Yes. Of course, I am talking about out-of-the-box build. I am 1/350 guy and I can be wrong (I do not have these kits), but based on instructions we have parts for "inboard position" on sprue R and parts for "outboard position" on sprue G.

Regards

Adam


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PostPosted: Sun Dec 31, 2017 1:07 pm 
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For what it's worth, the two versions would either be "deck mount" or "sponson mount." The "blisters" are termed sponsons in Navy parlance.

Differences such as these are what I've been working on in book form for about a decade... :dead:

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PostPosted: Fri Jan 05, 2018 9:24 pm 
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If I were to build a 1/700 1945 Antietam, I surmise I would have use the Trumpy Ticonderoga as a starter?
Please correct me if I'm wrong.

Which leads me to ask about the starboard miship 40mm tubs on the last few ships delivered to the Pacific.

I know being East Coast builds they had to pass thru the canal, these tubs restricted passage placed as they were.
Upon arrival to the Pacific, you'd believe these tubs would be added on at some yard or forward base to achieve
the maximum fire power of the AA battery given the fact that we were now operating in Empire home waters.
The service squadron had to have plans of how to fabricate these. From the west coast to the Phillipines there
are bases to get his done efficiently.

This apparently was not done on the Bennington CV20 as indicated by Navsource dates & pics.
I know the dates can be subjective, but from what I read, most agree she didnt have the tubs.

For Antietam, CV36, all pics that I can locate are absent of these tubs also. Eric W posted an overhead shot of CV36 on page 108,
and I'd really like those waves on the starboard side to be tubs, but they are not. Granted there are not alot of pics to found after
7/45 when she left Pearl.

For CV38, ShangriLa, I dont see where she ever got them mounted either. Capt652 has a great midships shot on page 20 from 9/45,
fresh paint to boot, but no tubs. Earlier pics show no tubs either.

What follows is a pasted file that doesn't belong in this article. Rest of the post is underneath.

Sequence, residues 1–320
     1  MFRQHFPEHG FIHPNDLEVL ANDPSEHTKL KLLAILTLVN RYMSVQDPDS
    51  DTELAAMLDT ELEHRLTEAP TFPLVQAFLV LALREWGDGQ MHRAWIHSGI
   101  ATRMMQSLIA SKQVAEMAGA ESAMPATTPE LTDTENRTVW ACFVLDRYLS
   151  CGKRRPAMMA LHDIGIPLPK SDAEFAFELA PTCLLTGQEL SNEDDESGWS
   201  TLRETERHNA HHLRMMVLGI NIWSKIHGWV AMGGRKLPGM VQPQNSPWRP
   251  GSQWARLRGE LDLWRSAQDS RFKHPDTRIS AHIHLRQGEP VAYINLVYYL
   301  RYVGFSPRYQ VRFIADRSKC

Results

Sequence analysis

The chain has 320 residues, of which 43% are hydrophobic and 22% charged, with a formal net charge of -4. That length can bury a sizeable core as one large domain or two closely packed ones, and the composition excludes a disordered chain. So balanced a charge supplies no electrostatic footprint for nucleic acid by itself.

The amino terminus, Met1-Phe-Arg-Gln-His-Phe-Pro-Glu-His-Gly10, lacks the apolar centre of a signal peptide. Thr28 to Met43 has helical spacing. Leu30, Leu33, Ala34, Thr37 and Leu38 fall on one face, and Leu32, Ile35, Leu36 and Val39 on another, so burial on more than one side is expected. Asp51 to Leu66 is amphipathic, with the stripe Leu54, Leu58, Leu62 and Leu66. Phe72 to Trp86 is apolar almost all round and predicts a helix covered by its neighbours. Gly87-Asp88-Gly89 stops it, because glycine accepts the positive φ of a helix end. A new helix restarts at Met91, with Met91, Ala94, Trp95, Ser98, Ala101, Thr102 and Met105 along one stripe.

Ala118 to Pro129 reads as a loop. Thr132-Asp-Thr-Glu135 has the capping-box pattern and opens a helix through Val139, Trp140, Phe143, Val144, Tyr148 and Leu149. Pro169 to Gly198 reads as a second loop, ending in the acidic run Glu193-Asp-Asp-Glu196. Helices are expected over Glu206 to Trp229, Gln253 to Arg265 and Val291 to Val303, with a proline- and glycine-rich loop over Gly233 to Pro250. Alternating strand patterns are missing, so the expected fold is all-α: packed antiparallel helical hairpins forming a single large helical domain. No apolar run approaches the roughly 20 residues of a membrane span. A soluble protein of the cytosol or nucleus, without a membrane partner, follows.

All of these ships had the availability in port to get the mounts once past the canal.
Perhaps, though I doubt, the damaging of Bunker Hill & Franklin, had CV 38 & 36 pressed into the front a little faster.
Clearly not the case with Bennington. She paid a couple trips to Ulithi for "R&R", they could have easily been added on then
by the Service Squadron, or much less earlier on her way across the Pacific.
If the tubs were fitted I cannot see them being taken off RIGHT AFTER the war, like Septmber 45. Just too fast.
The conundrum is then the Boxer gets them mounted, strange. Any input appreciated.

Paul


Last edited by raggs on Fri Jan 05, 2018 10:32 pm, edited 1 time in total.

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PostPosted: Sat Jan 06, 2018 3:32 am 
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raggs wrote:
For Antietam, CV36, all pics that I can locate are absent of these tubs also. Eric W posted an overhead shot of CV36 on page 108, and I'd really like those waves on the starboard side to be tubs, but they are not. Granted there are not alot of pics to found after 7/45 when she left Pearl.
I have to disagree with you on this one. If you save that overhead photo on page 108 to your own hard drive, you can open and enlarge it. Look at the circled areas on the starboard quarter. The one abreast the after "36" is pretty fuzzy, but the next one up is as clearly a quad 40MM as any object at that resolution can be. I know of NO instance where a starboard quarter quad 40MM was extended outboard without the rest of the outboards being in place as well. (Although Intrepid had her after starboard quarter quad still inboard for a time after all the other outboards were added.) Bon Homme Richard got the outboards prior to first combat. Likewise, Randolph had the outboards added before heading west. Boxer reported to the Pac Fleet and had the outboards added before she went west, and that was after the cessation of hostilities. Shang seems to be the last Essex class sent to join the Pacific task forces without the outboards.

Link to photo of Boxer with outboard quads: http://www.navsource.org/archives/02/022132.jpg